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Dave (1993)

by on 2013/08/19

Dave (1993)

“This guy has had a rebirth. This is a different fella.”

* * * *

Even without being an Ivan Reitman film – which it still is – I’d be glad to revisit Dave for my happy memories of it. And even without those, the cast is pretty compelling: Kevin Dunn, Charles Grodin, Ben Kingsley, Frank Langella, Laura Linney, Ving Rhames, Sigourney Weaver, and a host of cameos including Larry King, Jay Leno, Arnold Schwarzenegger, Ben Stein, Oliver Stone – easy contender for best cameo ever – and what seems like most of the actual politicians in office at the time of production.

Did I mention Kevin Kline? No, but here I go. His work here as the title character will surprise anyone who just knows him from A Fish Called Wanda. Both more dour (as President Bill Mitchell) and more idealistic (as Dave Kovic) than you might expect from the lunatic Otto, he juggles dual roles with wonder and weariness as appropriate.

In fact, anyone who’s ever tagged Tom Hanks as the modern successor to Jimmy Stewart really, really needs to see this picture.

As a Prince and the Pauper variant, the story involves America’s commander-in-chief becoming incapacitated. He is secretly replaced by small-time impressionist Dave Kovic, who is expected to serve as little other than a temporary figurehead. However, once he assumes power, he attempts to modify existing policies to achieve more compassionate ends.

Yes it’s oversimplified, relentlessly optimistic, and probably illegal too. Yet it’s rarely jingoistic, insulting, or any less than entertaining. Call it on-the-nose, but this slick-yet-modest production knows when to stop the sweetness getting saccharine. By walking all sorts of lines at all levels, Reitman successfully balances feeling natural with being logical.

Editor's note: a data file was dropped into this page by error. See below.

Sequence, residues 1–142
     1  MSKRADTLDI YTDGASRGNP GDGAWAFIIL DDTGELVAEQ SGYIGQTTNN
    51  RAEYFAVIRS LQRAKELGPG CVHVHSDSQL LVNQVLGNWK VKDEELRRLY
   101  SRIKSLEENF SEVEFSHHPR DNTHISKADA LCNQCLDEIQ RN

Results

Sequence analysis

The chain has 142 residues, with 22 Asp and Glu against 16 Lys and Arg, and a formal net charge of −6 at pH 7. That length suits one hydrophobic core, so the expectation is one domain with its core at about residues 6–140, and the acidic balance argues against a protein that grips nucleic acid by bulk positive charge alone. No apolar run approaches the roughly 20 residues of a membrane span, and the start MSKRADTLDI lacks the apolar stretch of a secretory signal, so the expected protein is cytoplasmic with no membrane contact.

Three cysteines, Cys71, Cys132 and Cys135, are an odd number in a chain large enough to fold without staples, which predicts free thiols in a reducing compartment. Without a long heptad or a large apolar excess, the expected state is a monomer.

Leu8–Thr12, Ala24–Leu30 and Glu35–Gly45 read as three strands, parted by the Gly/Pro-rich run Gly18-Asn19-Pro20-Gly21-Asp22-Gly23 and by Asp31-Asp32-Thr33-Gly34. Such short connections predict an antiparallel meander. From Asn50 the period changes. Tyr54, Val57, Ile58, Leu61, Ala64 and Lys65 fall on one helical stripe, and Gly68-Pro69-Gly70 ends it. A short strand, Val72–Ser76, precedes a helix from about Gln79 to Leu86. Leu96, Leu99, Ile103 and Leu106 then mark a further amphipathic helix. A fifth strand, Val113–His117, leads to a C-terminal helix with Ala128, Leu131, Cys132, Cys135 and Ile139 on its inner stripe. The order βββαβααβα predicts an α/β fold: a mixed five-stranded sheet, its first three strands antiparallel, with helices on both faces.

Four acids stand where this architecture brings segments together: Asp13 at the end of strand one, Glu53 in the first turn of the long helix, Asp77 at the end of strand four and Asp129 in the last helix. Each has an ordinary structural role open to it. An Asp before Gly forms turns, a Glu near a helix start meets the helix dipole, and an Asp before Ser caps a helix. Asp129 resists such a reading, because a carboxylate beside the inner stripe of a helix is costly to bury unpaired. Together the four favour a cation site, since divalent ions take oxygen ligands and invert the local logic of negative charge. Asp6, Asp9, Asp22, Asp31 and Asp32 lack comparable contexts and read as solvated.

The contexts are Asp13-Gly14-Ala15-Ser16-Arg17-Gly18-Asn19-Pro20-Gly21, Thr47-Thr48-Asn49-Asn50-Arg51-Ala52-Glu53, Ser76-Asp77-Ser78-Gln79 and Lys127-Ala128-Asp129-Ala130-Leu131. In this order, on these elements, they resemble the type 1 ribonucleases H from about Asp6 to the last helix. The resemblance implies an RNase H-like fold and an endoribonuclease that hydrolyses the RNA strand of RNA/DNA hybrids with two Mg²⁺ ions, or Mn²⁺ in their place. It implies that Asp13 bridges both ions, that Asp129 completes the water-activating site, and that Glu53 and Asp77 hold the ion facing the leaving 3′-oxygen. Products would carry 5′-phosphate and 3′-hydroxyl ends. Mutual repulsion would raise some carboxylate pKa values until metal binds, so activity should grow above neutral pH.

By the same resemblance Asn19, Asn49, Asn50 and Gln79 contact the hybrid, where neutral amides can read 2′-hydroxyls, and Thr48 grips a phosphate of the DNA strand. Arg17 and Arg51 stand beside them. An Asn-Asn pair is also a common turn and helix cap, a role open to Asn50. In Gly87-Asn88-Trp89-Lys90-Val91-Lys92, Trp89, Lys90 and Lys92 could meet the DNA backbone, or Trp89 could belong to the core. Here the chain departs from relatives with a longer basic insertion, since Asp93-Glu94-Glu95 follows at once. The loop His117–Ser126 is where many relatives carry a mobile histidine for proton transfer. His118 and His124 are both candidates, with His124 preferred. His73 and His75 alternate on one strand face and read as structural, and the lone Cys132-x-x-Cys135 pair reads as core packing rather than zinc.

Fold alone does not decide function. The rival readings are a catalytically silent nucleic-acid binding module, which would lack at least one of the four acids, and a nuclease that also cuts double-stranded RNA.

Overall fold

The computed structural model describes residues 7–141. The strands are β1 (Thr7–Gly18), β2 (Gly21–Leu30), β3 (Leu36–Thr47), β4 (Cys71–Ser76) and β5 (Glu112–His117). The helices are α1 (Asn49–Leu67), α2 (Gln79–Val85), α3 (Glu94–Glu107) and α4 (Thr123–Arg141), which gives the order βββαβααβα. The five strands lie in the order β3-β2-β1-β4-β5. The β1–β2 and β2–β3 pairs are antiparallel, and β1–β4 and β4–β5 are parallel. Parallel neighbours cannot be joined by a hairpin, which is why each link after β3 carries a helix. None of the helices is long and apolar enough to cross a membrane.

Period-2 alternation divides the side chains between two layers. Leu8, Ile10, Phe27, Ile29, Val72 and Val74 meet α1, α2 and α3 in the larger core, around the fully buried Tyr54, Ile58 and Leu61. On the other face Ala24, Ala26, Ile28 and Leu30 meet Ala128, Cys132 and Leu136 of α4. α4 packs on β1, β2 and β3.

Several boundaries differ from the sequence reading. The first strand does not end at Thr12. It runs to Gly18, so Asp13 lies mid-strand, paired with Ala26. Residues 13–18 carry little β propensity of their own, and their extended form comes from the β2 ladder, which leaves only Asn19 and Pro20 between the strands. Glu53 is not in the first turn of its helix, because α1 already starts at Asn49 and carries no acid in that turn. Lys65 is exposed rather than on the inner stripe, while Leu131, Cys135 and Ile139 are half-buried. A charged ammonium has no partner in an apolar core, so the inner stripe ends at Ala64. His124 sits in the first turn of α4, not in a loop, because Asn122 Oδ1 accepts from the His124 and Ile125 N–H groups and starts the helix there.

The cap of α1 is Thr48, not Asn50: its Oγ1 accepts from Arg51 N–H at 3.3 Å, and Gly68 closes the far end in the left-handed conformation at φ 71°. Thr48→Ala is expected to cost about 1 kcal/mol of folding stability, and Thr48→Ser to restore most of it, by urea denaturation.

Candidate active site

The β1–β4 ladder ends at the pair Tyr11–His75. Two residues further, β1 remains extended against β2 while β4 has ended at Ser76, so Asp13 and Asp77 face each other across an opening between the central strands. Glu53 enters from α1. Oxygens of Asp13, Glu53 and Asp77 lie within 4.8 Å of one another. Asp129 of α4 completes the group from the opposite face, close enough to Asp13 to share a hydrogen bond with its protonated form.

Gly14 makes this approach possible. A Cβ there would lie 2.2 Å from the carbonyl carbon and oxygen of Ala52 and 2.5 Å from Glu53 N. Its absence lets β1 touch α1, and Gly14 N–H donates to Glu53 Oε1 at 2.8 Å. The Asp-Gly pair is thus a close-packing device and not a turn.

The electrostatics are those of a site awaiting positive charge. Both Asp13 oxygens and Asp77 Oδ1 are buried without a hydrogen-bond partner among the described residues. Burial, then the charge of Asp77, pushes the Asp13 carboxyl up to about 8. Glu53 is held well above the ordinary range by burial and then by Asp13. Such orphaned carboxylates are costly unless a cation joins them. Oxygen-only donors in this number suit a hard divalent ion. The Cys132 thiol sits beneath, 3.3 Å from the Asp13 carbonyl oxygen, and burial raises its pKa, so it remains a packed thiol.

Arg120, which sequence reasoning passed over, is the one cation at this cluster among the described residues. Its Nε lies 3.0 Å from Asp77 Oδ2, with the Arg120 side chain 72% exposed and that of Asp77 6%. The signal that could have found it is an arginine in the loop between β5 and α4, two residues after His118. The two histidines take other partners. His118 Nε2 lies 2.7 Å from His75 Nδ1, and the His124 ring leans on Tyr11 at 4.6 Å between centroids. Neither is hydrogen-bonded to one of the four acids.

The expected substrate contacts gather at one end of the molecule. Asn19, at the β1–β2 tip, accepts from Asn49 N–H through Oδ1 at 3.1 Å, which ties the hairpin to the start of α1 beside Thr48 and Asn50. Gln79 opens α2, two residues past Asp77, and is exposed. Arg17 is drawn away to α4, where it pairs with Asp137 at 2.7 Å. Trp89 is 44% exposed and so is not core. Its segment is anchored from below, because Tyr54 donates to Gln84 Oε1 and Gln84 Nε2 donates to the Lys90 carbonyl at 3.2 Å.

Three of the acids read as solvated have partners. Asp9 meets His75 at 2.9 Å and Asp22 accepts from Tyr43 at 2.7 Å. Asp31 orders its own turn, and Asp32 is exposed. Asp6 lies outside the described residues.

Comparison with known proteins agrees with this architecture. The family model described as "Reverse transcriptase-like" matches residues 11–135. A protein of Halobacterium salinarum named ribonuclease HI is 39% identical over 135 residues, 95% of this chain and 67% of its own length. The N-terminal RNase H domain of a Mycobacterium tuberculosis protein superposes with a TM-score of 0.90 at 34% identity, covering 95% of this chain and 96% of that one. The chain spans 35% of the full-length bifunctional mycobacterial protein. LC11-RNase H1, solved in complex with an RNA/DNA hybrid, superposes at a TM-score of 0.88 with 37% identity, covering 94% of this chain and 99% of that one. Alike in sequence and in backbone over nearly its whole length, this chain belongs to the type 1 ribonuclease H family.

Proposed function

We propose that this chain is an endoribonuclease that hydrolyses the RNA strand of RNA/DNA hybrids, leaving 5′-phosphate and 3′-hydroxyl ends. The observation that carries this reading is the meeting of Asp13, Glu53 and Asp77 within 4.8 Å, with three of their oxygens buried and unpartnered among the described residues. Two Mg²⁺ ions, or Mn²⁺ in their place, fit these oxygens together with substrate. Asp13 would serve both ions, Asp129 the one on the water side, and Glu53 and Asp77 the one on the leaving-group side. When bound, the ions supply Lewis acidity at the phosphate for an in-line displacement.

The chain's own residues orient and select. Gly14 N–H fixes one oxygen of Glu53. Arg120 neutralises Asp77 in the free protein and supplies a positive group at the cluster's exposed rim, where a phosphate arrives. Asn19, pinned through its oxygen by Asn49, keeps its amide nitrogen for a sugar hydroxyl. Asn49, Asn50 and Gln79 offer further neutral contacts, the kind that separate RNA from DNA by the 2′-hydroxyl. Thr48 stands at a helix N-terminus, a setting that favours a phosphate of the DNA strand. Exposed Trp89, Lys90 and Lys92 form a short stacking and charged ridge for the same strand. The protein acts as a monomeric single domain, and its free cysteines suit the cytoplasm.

His not-so-secret weapon here is the cast. Dunn, Langella, and Weaver are as solid as expected. Grodin, Kingsley, and Rhames are near the top of their games. And Kline can single-handedly turn one scene into a character arc. The suggestions of kleptomania add to his charm and depth.

Throughout the movie a careful line is maintained. Our hero’s flaws are never quite roguish, and they make him accessible. His aspirations, which we also relate to – but too rarely act upon – make him inspirational. As a whole, the feature is crowd-pleasing without crossing into insult. I thought of Dave as a kind of fable, except without the animals . . . unless you count the political animals.

* * * *

PG (Canada) / PG13 (United States)

110 minutes

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